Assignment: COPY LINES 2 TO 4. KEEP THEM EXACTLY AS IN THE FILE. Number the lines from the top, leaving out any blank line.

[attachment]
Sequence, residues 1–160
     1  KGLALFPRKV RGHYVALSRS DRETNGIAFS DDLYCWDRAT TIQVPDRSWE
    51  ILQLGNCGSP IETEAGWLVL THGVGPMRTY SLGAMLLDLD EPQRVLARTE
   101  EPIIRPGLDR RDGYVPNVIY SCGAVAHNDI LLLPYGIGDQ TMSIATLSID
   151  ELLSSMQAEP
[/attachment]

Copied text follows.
     1  KGLALFPRKV RGHYVALSRS DRETNGIAFS DDLYCWDRAT TIQVPDRSWE
    51  ILQLGNCGSP IETEAGWLVL THGVGPMRTY SLGAMLLDLD EPQRVLARTE
   101  EPIIRPGLDR RDGYVPNVIY SCGAVAHNDI LLLPYGIGDQ TMSIATLSID